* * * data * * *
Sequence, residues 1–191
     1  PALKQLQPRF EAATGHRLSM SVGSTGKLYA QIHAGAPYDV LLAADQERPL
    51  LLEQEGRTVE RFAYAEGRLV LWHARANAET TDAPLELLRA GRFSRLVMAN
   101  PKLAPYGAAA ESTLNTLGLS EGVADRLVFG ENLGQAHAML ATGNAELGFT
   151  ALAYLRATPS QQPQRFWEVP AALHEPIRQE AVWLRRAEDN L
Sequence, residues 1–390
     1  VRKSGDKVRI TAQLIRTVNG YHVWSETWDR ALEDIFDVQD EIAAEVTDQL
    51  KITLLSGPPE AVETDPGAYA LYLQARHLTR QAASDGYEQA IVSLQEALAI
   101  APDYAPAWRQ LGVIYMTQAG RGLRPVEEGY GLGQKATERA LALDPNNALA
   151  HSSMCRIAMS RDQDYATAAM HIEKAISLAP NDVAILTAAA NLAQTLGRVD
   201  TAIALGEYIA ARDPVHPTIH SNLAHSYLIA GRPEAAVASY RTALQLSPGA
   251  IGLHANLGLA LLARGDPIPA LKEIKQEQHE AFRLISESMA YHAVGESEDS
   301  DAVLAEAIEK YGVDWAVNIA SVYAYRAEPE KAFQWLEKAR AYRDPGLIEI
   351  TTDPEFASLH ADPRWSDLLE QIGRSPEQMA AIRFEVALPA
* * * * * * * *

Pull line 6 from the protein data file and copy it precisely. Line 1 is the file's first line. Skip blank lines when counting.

Sequence, residues 1–390